metre (q.v.), although often equated with rhythm, is perhaps more accurately described as one method of organizing a poem's rhythm. Unlike rhythm, metre is not a requisite of poetry; it is, rather, an abstract organization of elements of stress, duration, or number of syllables per line into a specific formal pattern. The interaction of a given metrical pattern with any other aspect of sound in a poem produces a tension, or counterpoint, that creates the rhythm of metrically based poetry.

      Compared with the wide variety of metrical schemes, the types of metrically related rhythms are few. Duple rhythm occurs in lines composed in two-syllable feet, as in Shakespeare's line,

      In metrical schemes based on three-syllable feet, the rhythm is triple:

      Rising rhythm results when the stress falls on the last syllable of each foot in a line:

      The reverse of this is falling rhythm:

      Running, or common, rhythm occurs in metres in which stressed and unstressed syllables alternate (duple rhythm, rising or falling). Gerard Manley Hopkins (Hopkins, Gerard Manley), in reaction against traditional metres, coined the term sprung rhythm (q.v.) to apply to verse wherein the line is measured by the number of speech-stressed syllables, the number of unstressed syllables being indeterminate.

      The rhythms of free verse (q.v.) derive from the systematic repetition of language elements other than metrical stress patterns. Differentiation between the rhythmical basis of free verse and that of metrical verse involves a relative, rather than an absolute, distinction regarding the range of language features considered and the extent to which they are patterned. Since metrical verse is principally concerned with the distribution of relative stress values, it does not account for the significance of other linguistic features that may contribute to rhythmic effect. In free verse, rhythm most commonly arises from the arrangement of linguistic elements into patterns that more nearly approximate the natural cadence of speech and that give symmetry to the verse. The rhythmical resources available to free verse include syntactical patterning; systematic repetition of sound, words, phrases, and lines; and the relative value of temporal junctures occasioned by caesura (a marked pause in the middle of a line), line length, and other determinants of pace. Some authorities recognize in the highly organized patterning of imagery a further source of poetic rhythm. The following lines from Walt Whitman's “Song of Myself ” illustrate many of these rhythmical devices:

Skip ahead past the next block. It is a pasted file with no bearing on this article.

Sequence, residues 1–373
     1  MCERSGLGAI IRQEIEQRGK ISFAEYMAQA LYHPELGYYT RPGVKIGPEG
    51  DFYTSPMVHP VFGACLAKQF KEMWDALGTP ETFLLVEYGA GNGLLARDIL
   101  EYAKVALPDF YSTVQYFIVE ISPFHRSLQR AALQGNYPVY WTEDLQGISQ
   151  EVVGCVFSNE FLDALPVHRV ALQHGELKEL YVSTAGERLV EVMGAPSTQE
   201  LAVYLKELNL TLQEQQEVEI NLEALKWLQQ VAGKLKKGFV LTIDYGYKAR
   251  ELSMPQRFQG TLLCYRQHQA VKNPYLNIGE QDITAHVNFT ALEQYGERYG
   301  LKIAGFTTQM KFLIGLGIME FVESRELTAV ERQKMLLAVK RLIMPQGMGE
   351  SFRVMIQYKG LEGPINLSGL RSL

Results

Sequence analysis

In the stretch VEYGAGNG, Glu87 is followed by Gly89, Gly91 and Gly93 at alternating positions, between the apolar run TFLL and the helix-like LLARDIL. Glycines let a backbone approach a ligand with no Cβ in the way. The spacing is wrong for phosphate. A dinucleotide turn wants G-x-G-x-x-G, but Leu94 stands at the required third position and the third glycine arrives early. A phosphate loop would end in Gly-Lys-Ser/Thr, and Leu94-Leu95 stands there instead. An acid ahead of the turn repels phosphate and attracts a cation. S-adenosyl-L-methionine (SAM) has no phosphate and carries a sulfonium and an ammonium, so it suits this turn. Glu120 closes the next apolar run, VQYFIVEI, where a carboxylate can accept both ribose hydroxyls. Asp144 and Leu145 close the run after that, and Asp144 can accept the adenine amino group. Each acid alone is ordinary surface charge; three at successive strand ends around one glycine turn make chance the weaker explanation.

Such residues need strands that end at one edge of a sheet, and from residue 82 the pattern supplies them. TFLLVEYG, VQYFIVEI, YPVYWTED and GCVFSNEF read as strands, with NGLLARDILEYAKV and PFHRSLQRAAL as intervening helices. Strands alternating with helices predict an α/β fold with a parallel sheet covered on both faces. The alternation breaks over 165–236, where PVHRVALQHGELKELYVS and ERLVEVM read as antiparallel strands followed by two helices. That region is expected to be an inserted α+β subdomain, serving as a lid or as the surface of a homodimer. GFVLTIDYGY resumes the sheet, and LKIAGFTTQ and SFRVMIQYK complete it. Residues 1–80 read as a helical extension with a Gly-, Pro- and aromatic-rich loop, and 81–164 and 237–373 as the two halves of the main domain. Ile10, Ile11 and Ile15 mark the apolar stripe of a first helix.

Twenty-eight young men bathe by the shore,
Twenty-eight young men and all so friendly;
Twenty-eight years of womanly life and all
so lonesome.
She owns the fine house by the rise of the
She hides, handsome and richly drest aft the
blinds of the window.

      The rhythms that are characteristic of particular poets are sometimes ascribed to units of breath, as in the essay “Projective Verse” (1950) by the poet and critic Charles Olsen: “And the line comes (I swear it) from the breath, from the breathing of the man who writes, at the moment that he writes . . . .”

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Universalium. 2010.